Moms’ Night Out

Faith 'n' farce


MOMS’ NIGHT OUT (Andrew and John Erwin). 99 minutes. Opens Friday (May 9). For venues and times, see Movies. Rating: NN


God works in mysterious ways, especially in Moms’ Night Out.

The slapstick comedy about an overworked mother whose evening off turns into a zany adventure seems like something from the Judd Apatow factory. It’s actually a Christian movie on the sly, sneaking in the faith before you catch on to the absence of f-bombs and lewd innuendo. If you’re expecting The Hangover, this one comes with a virgin twist.

The Christian agenda here is far more welcoming and less assaultive than previous attempts of its kind. As a movie, Mom’s Night Out has more practical problems than the gentle sermon buried between the lines.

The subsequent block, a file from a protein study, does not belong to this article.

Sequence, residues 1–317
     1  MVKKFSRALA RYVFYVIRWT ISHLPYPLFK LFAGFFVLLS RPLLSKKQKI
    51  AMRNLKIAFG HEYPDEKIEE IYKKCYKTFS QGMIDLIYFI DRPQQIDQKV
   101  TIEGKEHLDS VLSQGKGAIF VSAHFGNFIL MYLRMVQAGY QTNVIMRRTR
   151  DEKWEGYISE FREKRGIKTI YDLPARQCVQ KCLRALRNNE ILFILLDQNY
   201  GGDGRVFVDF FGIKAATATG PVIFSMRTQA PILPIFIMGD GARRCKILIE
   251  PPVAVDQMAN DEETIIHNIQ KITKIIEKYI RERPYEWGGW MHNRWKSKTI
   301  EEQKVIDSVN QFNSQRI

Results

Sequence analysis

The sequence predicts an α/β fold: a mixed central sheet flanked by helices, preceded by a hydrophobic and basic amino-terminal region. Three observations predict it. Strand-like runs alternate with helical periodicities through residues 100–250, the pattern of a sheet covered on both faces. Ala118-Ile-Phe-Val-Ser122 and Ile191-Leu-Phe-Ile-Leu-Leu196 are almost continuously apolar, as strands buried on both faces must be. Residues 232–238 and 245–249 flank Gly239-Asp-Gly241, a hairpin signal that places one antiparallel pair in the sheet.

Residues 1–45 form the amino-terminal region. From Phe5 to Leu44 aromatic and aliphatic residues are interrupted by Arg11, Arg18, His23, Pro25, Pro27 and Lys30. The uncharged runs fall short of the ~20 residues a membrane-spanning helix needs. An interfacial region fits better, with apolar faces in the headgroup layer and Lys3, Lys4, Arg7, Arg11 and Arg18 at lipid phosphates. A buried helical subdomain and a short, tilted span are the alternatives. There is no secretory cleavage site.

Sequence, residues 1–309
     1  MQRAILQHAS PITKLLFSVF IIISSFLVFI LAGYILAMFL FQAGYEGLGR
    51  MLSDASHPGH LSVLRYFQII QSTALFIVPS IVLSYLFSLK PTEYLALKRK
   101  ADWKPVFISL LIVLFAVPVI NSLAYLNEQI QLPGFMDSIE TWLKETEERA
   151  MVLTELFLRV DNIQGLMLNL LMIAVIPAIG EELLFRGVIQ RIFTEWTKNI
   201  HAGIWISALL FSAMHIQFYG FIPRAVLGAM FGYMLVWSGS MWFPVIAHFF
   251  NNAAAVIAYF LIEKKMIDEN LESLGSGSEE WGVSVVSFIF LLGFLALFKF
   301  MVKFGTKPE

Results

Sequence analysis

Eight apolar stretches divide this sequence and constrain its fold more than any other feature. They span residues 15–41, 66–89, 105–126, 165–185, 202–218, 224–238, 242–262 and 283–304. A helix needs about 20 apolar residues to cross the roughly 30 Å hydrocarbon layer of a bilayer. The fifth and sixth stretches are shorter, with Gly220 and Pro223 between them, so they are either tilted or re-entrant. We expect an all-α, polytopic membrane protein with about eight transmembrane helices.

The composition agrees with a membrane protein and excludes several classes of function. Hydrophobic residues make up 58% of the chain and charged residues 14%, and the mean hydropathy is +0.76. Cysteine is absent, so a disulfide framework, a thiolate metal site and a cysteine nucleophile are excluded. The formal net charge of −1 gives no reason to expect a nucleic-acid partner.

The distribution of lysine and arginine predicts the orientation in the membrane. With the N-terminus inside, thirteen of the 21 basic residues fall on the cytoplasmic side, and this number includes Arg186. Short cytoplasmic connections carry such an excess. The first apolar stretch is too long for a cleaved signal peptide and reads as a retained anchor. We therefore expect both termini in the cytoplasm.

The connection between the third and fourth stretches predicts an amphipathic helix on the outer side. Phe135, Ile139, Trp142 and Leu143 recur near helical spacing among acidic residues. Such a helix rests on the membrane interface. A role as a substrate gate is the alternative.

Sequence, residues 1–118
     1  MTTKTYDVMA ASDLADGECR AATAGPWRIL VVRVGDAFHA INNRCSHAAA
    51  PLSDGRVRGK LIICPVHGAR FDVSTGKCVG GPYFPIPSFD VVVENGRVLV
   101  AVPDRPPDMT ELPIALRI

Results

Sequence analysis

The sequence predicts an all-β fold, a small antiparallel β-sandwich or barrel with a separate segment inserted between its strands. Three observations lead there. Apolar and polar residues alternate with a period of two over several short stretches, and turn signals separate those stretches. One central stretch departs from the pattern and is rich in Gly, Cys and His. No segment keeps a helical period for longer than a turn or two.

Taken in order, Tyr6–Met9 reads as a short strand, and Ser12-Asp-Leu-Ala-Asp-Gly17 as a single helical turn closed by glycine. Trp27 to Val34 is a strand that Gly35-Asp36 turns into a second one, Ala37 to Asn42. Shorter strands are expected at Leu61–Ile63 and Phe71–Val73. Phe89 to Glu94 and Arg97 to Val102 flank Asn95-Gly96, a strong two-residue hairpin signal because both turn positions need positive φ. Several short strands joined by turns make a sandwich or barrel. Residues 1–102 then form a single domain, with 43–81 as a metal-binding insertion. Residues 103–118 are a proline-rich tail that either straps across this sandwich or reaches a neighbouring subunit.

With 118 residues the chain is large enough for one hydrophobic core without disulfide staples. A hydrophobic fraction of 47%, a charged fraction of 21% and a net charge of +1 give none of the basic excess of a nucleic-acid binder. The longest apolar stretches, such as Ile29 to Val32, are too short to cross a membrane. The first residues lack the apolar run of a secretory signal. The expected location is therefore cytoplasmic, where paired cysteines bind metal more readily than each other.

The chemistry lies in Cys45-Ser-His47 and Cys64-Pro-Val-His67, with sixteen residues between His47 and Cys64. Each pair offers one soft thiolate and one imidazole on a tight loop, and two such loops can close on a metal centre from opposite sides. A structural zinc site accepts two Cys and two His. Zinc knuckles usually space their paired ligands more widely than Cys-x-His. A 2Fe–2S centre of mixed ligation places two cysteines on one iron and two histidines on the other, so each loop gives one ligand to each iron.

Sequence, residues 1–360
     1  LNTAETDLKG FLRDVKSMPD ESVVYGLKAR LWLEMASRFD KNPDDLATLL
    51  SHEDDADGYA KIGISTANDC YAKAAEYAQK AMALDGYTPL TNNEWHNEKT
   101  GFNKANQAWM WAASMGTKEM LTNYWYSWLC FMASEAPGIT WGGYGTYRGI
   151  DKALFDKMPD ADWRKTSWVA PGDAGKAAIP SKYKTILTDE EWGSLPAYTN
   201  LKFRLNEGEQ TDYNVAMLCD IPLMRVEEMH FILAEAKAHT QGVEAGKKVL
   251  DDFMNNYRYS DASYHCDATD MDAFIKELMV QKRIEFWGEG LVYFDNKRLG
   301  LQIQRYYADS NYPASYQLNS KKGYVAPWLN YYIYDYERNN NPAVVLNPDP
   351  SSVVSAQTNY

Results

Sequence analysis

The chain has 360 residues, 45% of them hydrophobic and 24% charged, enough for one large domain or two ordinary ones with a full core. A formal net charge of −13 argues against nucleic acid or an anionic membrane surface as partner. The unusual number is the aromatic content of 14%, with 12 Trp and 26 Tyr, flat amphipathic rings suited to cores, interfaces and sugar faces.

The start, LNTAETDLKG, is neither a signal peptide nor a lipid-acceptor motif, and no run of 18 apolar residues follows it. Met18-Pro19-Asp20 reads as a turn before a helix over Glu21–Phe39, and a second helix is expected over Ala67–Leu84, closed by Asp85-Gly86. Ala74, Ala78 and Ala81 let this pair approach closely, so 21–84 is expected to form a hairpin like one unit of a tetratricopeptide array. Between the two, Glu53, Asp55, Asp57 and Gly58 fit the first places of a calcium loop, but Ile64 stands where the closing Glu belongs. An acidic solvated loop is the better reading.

Few characters are relatable or believable, with the exception of Allyson (Sarah Drew, putting in fine work), a mother gasping for air amidst the dialed-up chaos of being a happy homemaker.

Allyson’s ladies’ night starts off charmingly, playing familiar challenges for laughs (a reservation mix-up over the definition of “next Saturday”). That soon disintegrates into an over-the-top, asinine search for a missing baby that’s full of strained, antic gags and uncommonly polite bikers and alcoholics, all of whom are God’s children, because that would be the point.

I was sincerely hoping the whole package would work, but somewhere during the foolishness, I lost faith.

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